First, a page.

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Bibi’s Bid Backfired

Bibi’s Bid Backfired

With 95 percent of the votes counted, Israel's election still hasn't yielded much clarity about who will be running the country. If it feels like we've been here before that's because we have — this is Israel's second vote in five months. Back in April, voters just barely gave Prime Minister Benjamin (Bibi) Netanyahu's Likud party the most votes, but he failed to form a government, and called a do-over rather than let his chief rival, Benny Gantz of the centrist Blue and White party, try to form a government of his own.


Did his move pay off? One Haaretz reporter summed it up best: "Nobody won, but Netanyahu definitely lost."

What happened? Neither Netanyahu's Likud party nor Blue and White has a clear path to attaining a majority in the 120-seat Knesset. As of now, Likud is projected to win 32 seats, trailing Blue and White's 33. Both parties have teamed up with others to strengthen their negotiating positions: Netanyahu would command a 56-seat bloc of right-wing and ultra-orthodox parties, while Gantz's center-left grouping would pick up 44 endorsements for prime minister. Meanwhile, the Joint List alliance of Arab-majority parties has 12 seats, making it possible that an Arab Israeli could become opposition leader for the first time in Israel's history.

Avigdor Lieberman, kingmaker? This spring, it was Avigdor Lieberman, a wily far-right secularist, who doomed Bibi's chances of forming a government by defecting from the Likud-led coalition. After yesterday, he is a potential kingmaker again: his party, appealing largely to Russian-speaking Israelis, has currently won a crucial eight seats, which will be coveted by both Netanyahu and Gantz.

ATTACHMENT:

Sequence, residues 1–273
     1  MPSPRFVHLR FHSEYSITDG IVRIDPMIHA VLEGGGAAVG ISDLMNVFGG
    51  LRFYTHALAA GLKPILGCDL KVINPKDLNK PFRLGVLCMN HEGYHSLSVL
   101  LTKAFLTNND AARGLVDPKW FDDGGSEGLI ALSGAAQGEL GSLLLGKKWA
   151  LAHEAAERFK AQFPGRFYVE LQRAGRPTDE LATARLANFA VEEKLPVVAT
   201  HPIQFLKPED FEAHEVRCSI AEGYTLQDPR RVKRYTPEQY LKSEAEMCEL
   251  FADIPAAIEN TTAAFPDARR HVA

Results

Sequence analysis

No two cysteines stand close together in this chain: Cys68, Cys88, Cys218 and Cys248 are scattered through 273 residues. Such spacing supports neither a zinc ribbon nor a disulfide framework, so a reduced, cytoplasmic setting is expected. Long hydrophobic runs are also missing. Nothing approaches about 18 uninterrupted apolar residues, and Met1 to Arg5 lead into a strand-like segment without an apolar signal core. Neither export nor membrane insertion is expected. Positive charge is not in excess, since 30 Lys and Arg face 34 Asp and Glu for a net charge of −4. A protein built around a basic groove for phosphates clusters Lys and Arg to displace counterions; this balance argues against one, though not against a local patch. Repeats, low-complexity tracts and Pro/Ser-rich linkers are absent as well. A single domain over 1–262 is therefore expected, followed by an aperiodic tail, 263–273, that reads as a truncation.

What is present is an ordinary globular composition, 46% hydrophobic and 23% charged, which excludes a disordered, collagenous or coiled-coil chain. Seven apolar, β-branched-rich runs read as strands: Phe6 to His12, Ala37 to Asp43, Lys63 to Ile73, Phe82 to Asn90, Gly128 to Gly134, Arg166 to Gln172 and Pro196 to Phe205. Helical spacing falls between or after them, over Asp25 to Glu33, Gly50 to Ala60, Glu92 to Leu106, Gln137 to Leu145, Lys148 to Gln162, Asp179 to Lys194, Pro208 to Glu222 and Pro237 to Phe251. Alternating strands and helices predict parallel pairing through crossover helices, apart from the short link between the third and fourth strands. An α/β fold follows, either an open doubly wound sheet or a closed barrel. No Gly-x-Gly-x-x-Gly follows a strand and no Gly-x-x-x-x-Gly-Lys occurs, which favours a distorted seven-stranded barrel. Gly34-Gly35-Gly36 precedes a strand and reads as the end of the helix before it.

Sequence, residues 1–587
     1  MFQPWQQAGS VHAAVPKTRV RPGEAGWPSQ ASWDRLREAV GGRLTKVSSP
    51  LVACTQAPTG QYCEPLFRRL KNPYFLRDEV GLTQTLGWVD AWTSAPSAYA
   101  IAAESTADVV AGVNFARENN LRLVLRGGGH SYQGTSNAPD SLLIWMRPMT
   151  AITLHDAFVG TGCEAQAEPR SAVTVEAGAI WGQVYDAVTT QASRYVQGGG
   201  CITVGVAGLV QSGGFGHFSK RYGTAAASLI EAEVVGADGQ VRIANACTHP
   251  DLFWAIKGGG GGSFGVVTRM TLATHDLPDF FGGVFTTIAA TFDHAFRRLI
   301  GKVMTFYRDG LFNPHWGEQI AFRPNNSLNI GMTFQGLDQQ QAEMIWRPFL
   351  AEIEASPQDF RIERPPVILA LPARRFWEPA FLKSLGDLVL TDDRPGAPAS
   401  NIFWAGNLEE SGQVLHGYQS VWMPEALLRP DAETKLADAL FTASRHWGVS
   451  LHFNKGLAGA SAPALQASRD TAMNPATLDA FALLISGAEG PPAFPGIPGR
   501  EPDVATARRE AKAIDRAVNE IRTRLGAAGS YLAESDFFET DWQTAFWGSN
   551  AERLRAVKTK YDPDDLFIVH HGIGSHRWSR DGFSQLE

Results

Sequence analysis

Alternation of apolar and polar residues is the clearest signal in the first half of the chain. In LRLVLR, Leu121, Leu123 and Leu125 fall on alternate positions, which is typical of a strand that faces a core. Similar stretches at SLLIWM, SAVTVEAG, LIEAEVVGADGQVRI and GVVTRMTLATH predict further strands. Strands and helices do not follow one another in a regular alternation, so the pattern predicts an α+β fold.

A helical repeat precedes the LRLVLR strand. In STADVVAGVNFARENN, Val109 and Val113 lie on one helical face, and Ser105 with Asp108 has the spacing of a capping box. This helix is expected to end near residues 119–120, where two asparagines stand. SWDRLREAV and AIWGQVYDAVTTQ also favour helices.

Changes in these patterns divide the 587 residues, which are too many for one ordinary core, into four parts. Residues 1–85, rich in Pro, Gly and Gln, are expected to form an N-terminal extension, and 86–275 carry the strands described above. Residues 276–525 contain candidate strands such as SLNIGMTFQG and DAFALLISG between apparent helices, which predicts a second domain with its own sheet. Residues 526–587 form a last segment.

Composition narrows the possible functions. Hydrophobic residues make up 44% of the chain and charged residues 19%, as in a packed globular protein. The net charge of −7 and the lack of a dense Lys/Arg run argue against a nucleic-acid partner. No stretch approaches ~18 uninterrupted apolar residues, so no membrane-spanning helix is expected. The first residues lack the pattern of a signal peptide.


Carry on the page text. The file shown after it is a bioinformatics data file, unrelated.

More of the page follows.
What happens next?

A unity government — A coalition made up of both Blue and White and Likud remains likely. But there are many forms such a government could take. Who would serve as prime minister? Will Likud depose Netanyahu this time around? Gantz says he will not serve in a unity government with Netanyahu so long as the Likud leader remains implicated in corruption scandals. If a unity government is the outcome, pull up a chair and get comfortable – coalition talks could take weeks, if not months.

Netanyahu forms a single right-wing bloc — Netanyahu has already reached out to his natural coalition partners – right-wing and ultra-Orthodox parties – suggesting that he's working towards preventing a "liberal, nationalist" coalition that Gantz would hope to lead. If Netanyahu can win them over, he would have the biggest bloc, improving his chances of forming a government.

Center-left government — Gantz could bridge the gap needed to form a minority government with support from the Arab parties, but neither side seems enthused about that prospect. If it happens, it would be an extremely tenuous coalition.

Election 3.0 — It's the option that nobody wants, but if deadlock persists, Israel could head for its third election in just 12 months. President Reuven Rivlin has said he will do everything in his power to avoid another election, but that would require some parties to compromise. And lack of compromise is what led to repeat elections in the first place…

Would any of this change Israel's foreign policy? Probably not much. Benny Gantz would certainly offer an opportunity for Israel to reset its relations with countries disaffected by Netanyahu's cozying up to illiberal nationalist leaders. (Think of this "warm embrace" with Brazilian President Jair Bolsonaro or Bibi's affection for Hungary's Viktor Orban.) But Gantz is a former army chief whose actual views align closely with Netanyahu on many foreign policy issues, including the threat posed by a nuclear Iran. On the Palestinian issue, Gantz recently echoed his rival on annexing part of the West Bank, leading Palestinian Authority Prime Minister Mohammad Shtayyeh to conclude: the difference between Gantz and Netanyahu is like the "difference between Pepsi Cola and Coca-Cola."